Eliot Spitzer and Anthony Weiner are trying to make political comebacks in New York City. They deserve a shot.
If New York has always been a city of second chances it’s becoming something of a Mecca for politicians looking to make a comeback. Congressman Anthony Weiner who resigned in 2011 after a particularly cringe worthy sex scandal involving naked pictures and twitter, is running to be Mayor of New York City. In addition, former New York Governor Eliot Spitzer has been mounting and impressive political comeback as well. Five years after he was forced to resign as Governor after a prostitution scandal was uncovered by federal investigators he’s running to be New York City’s comptroller, basically in charge of auditing city government and handling the money. Far from the laughingstocks they were portrayed as during their downfalls they both seem to be doing well, in fact Spitzer recently took the lead over over Manhattan Borough President Scott Stringer by nine points in a Wall Street Journal-NBC 4 New York-Marist poll.
Political scandals have been part of American politics since the creation of our country and in an age of shrinking budgets for news organizations and an almost real-time media cycle, they won’t be going away anytime soon. After all, scandals are easy to cover and generate a huge amount of buzz. But I’d argue that there is a huge difference between scandals that expose the President’s involvement in secret slush funds, hush money payments and the Watergate burglaries or scandals that uncover a freezer full of cash from bribes and the stories that are called “scandals” that involve the failings of elected officials in their personal lives.
The whole idea that politicians must resign when they are caught up in a sex scandal is hardly some hard and fast rule in American politics. When the Republican Senator from Louisiana David Vitter’s links to high profile Washington D.C. prostitutes was exposed, he responded by disappearing for a week and then asking for forgiveness at a press conference with his wife. Bill Clinton famously survived the most famous sex scandal of modern times with a combination of asking for forgiveness and refusing to even consider resignation. Maybe it’s the large number of media people in New York or the city’s still thriving tabloid industry that pushed Weiner and Spitzer to resign, but in any case it was far from something they “had” to do.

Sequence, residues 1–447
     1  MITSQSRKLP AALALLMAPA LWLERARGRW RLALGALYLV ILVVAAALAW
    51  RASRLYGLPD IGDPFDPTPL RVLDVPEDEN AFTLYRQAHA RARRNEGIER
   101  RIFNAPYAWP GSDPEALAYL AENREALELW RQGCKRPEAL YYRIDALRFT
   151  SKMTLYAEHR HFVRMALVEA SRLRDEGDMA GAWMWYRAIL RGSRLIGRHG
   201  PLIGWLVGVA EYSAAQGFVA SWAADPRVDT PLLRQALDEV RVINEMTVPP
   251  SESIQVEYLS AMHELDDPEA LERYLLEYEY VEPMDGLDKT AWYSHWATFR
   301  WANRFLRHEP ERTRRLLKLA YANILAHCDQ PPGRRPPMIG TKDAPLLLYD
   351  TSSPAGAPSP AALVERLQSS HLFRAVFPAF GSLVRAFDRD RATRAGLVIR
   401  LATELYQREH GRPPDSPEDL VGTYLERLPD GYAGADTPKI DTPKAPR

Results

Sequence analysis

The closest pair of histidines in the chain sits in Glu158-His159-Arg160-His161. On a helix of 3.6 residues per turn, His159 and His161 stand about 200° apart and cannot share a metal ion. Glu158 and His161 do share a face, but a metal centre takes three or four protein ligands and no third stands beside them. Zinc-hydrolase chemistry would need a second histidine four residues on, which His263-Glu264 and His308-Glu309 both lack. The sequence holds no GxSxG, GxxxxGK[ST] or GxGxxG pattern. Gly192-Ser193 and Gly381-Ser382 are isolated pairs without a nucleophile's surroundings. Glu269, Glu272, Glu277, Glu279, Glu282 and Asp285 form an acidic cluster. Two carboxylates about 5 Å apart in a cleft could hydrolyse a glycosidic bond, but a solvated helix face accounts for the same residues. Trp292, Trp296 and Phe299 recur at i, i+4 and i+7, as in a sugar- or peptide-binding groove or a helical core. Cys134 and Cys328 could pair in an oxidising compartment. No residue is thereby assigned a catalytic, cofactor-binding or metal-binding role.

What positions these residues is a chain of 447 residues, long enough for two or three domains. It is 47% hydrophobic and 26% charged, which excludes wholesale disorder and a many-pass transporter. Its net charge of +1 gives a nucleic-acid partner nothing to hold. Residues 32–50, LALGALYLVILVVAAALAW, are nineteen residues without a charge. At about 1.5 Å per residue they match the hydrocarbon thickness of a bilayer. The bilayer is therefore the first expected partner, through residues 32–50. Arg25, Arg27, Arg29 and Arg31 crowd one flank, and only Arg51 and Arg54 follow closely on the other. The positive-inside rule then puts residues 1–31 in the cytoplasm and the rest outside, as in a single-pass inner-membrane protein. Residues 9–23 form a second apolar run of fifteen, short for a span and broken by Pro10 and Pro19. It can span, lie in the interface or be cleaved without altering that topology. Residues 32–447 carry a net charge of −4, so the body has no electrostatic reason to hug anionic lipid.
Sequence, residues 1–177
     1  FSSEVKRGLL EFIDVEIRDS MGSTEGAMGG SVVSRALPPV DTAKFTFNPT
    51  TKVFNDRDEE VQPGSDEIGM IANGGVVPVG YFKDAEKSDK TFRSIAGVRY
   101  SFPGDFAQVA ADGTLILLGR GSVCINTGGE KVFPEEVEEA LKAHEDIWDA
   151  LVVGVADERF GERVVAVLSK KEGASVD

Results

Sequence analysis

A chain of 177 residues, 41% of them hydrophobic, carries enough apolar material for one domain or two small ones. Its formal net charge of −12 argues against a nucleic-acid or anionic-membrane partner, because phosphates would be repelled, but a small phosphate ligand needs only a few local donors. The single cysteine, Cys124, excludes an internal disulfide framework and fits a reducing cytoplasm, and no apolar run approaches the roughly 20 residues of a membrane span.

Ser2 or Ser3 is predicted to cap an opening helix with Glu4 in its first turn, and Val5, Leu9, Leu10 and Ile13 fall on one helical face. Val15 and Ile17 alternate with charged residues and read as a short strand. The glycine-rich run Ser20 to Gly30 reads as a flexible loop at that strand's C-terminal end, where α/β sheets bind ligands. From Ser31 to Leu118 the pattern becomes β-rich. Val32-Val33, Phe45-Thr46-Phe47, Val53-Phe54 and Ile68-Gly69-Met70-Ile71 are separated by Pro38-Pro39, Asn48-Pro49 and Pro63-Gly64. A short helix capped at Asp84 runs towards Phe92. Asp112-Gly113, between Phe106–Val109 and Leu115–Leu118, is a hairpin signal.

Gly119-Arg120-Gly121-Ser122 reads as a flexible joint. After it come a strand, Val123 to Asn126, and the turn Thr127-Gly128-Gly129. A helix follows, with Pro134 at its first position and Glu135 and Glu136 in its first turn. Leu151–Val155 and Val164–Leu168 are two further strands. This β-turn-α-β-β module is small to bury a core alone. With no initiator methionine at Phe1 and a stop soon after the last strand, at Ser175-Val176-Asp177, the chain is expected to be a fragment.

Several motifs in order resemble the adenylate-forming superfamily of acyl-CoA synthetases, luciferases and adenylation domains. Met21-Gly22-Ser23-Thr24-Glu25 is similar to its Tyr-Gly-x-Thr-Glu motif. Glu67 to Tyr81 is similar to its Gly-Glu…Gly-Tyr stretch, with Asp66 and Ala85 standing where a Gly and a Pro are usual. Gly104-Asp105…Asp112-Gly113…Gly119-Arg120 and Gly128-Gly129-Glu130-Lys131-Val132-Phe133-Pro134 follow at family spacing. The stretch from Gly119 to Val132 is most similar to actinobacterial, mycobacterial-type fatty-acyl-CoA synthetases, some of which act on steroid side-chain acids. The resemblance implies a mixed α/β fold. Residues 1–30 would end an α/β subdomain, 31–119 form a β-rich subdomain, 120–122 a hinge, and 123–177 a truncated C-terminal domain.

In addition, it’s hard to see how Spitzer and Weiner resigning helped anyone, other than the politicians and media spinsters who worked so hard to bring them down. Spitzer was replaced by David Paterson, not many people’s idea of an effective politician or great leader, while Weiner was replaced by a Republican who was then redistricted out of office. Not exactly a political triumph for anyone, other than Weiner’s political enemies. Indeed, it’s hard to think of anyone’s lives that were actually improved by these resignations. They own and their families’ probably didn’t since both men seem driven to return to public life.
A sad reality of the tendency of politicians to resign in the wake of sex scandals is that we often lose effective public servants that could have made our country better. The morality of Spitzer’s behavior is one question, but he is still the same person who came up with the novel approach of curbing the mafia’s power in New York’s trucking and garment industries through the innovative use of New York’s anti-fraud laws, an unorthodox approach that apparently worked quite well. Considering that five years after the crash we still have seen almost none of the powerful figures that helped cause this debacle prosecuted, it’s hard to argue that we were served better without Spitzer than with him, or that an improvement in the morality of the personal lives of our leaders will automatically improve our society.
In fact, it’s probably better that America and the press took a more lax attitude towards the moral lapses of politicians in mid-20th Century America. Eisenhower, Kennedy and FDR all engage in personal improprieties during their day, but that hardly changes the fact that they were effective presidents. Of course Spitzer and Weiner could lose on Election Day but if they do lose it should be because of their ideas and public records, not because of their personal failings. A politics that allows their experience and ideas to still be offered as a choice to the voters is a politics that is fundamentally stronger and better for our country than one where they are kept from the table.
AP Photo by Seth Wenig